Sobek-hotep IX ( = Sobek is pleased) son of *Sobephis IX (*Σόβεφις Θ΄) ? - ?

King that ruled at twilight of the dynasty, confirmed on three scarabs.

> Wepu-awet-em-saf son of *Bepitepsaphis (*Βεπιτέψαφις) ? - ?

H.N.: Meri-tawi son of *Meritavis (*Μερίταυις) ? - ?

Sobek-Ai son of *Sobecaion (*Σοβεκαιών) ? - ?

Kui-iker son of *Cycor (*Κύκωρ) ? - ?

The king’s existence is testified in Turin Canon and

architrave  with his name found at Abydos by Sir W.F. Petrie

Εσωτερική ΑρθρογραφίαEdit



Ikl.jpg Κίνδυνοι ΧρήσηςIkl.jpg

Αν και θα βρείτε εξακριβωμένες πληροφορίες
σε αυτήν την εγκυκλοπαίδεια
ωστόσο, παρακαλούμε να λάβετε σοβαρά υπ' όψη ότι
η "Sciencepedia" δεν μπορεί να εγγυηθεί, από καμιά άποψη,
την εγκυρότητα των πληροφοριών που περιλαμβάνει.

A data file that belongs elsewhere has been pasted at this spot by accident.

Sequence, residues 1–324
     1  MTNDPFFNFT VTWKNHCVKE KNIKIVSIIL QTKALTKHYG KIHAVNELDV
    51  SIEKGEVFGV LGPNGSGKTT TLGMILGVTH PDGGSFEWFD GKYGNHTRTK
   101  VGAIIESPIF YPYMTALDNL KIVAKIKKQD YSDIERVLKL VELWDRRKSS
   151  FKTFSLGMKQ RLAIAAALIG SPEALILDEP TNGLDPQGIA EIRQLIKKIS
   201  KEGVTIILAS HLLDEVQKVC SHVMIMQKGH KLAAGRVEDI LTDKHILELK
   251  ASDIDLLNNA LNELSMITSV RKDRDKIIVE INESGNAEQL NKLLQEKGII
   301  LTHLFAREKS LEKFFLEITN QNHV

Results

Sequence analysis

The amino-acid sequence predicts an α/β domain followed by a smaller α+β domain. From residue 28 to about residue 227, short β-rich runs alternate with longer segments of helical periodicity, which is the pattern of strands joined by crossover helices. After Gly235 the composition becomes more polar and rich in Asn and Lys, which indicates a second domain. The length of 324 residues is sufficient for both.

"Οι πληροφορίες αυτές μπορεί πρόσφατα
να έχουν αλλοιωθεί, βανδαλισθεί ή μεταβληθεί από κάποιο άτομο,
η άποψη του οποίου δεν συνάδει με το "επίπεδο γνώσης"
του ιδιαίτερου γνωστικού τομέα που σας ενδιαφέρει."

Πρέπει να λάβετε υπ' όψη ότι
όλα τα άρθρα μπορεί να είναι ακριβή, γενικώς,
και για μακρά χρονική περίοδο,
αλλά να υποστούν κάποιο βανδαλισμό ή ακατάλληλη επεξεργασία,
ελάχιστο χρονικό διάστημα, πριν τα δείτε.

Οι διάφοροι "Εξωτερικοί Σύνδεσμοι (Links)"
(όχι μόνον, της Sciencepedia
αλλά και κάθε διαδικτυακού ιστότοπου (ή αλλιώς site)),
αν και άκρως απαραίτητοι,
είναι αδύνατον να ελεγχθούν
(λόγω της ρευστής φύσης του Web),
και επομένως είναι ενδεχόμενο να οδηγήσουν
σε παραπλανητικό, κακόβουλο ή άσεμνο περιεχόμενο.
Ο αναγνώστης πρέπει να είναι
εξαιρετικά προσεκτικός όταν τους χρησιμοποιεί.

- Μην κάνετε χρήση του περιεχομένου της παρούσας εγκυκλοπαίδειας
αν διαφωνείτε με όσα αναγράφονται σε αυτήν